This condition occurs when the thyroid gland generates its hormone deficiency. Infertility could be a minor illness symptom. Obesity, mental struggle, drooping eyes, low vitality, and erratic heat cycles are more overt symptoms.
Progressive Retinal Atrophy
PRA exists in dogs long before the dog exhibits any symptoms of blindness. Fortunately, dogs can compensate for blindness with their other senses, and a blind dog can lead a whole and content life.
Persistent Pupillary Membrane
Persistent Pupillary Membranes are tissue strands formerly part of the fetal membrane that feeds the eyes’ lenses before birth.
They are found in the eye. Usually gone by the time a puppy is 4 or 5 weeks old, although occasionally, they linger. The strands are sometimes found in the eye’s anterior (front) chamber and can extend from iris to iris, iris to the lens, or cornea to the iris.
Care For The Bearded Collie
The Beardie is a mixed-environment dog. He must reside indoors with his family and have access to a fenced-in yard or large area where he can run, and he isn’t cut out for apartment living.
Whether indoors or out, bears enjoy spending time with their humans and will be content with a few 30-minute walks or play sessions daily.
If you want to impose discipline and order on your dog, obedience training is a need. Make learning enjoyable for the students and use tactics for positive reinforcement, such as food prizes, games, and praise. Bearded Collies can’t learn in harsh or cruel environments.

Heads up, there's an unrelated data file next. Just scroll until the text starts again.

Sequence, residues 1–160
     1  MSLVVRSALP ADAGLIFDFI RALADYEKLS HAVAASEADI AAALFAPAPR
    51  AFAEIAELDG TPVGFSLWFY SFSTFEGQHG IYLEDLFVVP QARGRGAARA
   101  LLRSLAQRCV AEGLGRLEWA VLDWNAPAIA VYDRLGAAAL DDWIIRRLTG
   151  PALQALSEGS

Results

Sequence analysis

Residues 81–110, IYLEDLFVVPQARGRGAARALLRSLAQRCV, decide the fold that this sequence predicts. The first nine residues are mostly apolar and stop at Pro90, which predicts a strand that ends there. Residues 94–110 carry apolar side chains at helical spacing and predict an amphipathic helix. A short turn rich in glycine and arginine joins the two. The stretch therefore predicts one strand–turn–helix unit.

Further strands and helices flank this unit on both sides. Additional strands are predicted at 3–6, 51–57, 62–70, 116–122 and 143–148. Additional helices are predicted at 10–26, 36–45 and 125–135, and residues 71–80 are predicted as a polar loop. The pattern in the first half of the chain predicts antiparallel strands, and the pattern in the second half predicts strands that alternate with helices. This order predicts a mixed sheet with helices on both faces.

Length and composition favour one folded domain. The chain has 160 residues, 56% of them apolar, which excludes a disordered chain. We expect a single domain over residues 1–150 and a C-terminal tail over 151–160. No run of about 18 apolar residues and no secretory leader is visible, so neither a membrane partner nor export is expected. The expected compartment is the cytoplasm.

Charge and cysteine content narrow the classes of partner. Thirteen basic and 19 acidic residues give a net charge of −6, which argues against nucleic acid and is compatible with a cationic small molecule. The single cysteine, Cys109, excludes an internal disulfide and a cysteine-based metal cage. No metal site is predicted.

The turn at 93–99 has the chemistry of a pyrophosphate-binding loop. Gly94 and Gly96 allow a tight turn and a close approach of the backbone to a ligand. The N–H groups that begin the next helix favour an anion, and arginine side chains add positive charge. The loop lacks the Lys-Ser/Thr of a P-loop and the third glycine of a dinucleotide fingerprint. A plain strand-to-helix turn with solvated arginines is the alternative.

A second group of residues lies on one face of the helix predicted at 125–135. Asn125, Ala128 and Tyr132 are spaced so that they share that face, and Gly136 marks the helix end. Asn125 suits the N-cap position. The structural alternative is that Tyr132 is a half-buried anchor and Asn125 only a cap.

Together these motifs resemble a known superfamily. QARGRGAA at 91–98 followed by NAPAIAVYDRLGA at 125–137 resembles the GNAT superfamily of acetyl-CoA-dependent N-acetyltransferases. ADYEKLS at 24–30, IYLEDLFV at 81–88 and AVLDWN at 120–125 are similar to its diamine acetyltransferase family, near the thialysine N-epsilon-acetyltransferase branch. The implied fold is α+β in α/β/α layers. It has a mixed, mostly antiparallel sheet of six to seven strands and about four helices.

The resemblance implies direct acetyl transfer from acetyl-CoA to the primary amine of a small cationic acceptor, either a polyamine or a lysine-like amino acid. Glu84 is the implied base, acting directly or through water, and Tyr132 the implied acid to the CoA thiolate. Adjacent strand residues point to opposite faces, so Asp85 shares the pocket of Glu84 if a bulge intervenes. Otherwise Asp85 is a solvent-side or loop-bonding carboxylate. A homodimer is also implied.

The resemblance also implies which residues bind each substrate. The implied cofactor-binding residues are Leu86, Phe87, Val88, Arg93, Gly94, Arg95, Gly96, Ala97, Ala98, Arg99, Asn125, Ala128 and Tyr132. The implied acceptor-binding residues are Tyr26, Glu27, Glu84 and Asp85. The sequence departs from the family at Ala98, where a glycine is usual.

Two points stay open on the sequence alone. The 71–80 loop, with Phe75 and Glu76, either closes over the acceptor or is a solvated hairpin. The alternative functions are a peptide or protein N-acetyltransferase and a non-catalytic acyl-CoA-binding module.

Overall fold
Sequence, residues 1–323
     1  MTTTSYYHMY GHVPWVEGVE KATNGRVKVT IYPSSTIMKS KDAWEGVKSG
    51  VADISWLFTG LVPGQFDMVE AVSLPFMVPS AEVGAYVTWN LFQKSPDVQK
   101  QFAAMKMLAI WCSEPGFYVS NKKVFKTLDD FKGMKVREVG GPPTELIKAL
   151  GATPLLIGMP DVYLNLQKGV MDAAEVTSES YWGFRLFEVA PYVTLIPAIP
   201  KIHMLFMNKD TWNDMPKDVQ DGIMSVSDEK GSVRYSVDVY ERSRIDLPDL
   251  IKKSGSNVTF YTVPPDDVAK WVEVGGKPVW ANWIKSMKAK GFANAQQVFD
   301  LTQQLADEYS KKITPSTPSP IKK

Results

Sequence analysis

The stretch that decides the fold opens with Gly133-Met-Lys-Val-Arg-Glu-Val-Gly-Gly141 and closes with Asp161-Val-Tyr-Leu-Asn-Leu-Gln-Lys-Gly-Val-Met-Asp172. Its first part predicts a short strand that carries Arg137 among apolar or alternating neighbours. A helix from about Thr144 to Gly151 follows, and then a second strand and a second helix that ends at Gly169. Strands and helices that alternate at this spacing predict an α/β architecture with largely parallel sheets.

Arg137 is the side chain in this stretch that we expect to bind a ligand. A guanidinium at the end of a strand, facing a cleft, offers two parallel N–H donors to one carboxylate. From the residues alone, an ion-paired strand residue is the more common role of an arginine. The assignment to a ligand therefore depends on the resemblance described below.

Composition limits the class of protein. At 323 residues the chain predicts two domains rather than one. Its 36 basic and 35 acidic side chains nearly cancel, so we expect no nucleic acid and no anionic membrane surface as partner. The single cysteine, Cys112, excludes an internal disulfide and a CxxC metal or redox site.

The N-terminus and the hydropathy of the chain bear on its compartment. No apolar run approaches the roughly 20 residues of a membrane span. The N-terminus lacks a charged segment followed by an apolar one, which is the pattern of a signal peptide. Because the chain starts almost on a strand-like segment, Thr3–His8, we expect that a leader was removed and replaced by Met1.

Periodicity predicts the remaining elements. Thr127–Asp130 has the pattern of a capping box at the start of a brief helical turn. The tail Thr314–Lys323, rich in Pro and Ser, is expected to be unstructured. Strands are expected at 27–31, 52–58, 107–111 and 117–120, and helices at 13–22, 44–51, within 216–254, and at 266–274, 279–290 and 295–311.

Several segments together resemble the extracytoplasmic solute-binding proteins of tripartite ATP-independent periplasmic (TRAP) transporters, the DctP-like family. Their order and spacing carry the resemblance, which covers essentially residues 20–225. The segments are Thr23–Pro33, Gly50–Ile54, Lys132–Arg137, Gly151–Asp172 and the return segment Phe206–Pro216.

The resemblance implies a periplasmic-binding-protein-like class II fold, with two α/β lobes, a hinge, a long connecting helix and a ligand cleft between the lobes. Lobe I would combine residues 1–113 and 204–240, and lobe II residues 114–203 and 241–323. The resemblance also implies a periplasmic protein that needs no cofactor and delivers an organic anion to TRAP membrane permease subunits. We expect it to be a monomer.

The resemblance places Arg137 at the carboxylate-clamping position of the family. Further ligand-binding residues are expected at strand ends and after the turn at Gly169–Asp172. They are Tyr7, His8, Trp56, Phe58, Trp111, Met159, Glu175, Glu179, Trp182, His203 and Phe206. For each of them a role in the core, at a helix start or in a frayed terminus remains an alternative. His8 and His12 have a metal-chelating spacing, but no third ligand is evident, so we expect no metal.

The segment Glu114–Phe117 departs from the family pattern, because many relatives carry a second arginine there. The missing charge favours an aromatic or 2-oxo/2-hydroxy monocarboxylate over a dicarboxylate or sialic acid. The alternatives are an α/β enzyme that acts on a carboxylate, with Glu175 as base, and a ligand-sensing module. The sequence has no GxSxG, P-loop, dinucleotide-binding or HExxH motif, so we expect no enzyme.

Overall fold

Socializing With Children And Other Pets
Beardies make great playmates for kids because they are full of bounce, fun, and enthusiasm. Of course, it’s crucial to educate kids on the proper way to deal with dogs and to always keep an eye on any interactions between young children and dogs.
Teach your youngster never to disturb a dog when he is resting or eating or to attempt to take the dog’s food. With a youngster present, no dog should ever be left unattended.
If exposed to other dogs and cats at a young age, beardies get along well with them. However, they can be territorial with their toys.
They like cats that stand their ground rather than flake out and run since they always love a reasonable pursuit.
Feeding The Bearded Collie
The amount of food you feed your dog depends on your pets’ size, activity levels, age, and health condition.
However, the recommended daily amount of food for your pet is 1.5 to 2 cups of nutrient-rich food divided into two meals. Your puppies may eat 3 to 4 cups daily.
Weekly brushing with a bristle or pin brush is necessary to eliminate mats and tangles from the Beardie’s long, double coat and minimize shedding. To lessen static and prevent hair breakage, mist the skin with a conditioning spray before brushing.
If you encounter any mats or tangles, spritz them with anti-tangle spray and work them out with your fingers until a comb can glide through the hair without resistance. Thoroughly brushing the coat every week takes 30 minutes to an hour. You can take a bath whenever you like.
We’ve reached the end of the article that talks about The Bearded Collie Dog Breed: History, Overview & Temperament. Stay tuned for more articles related to The Bearded Collie Dog Breed. You might find the article: Border And Bearded Collies dog breed interesting.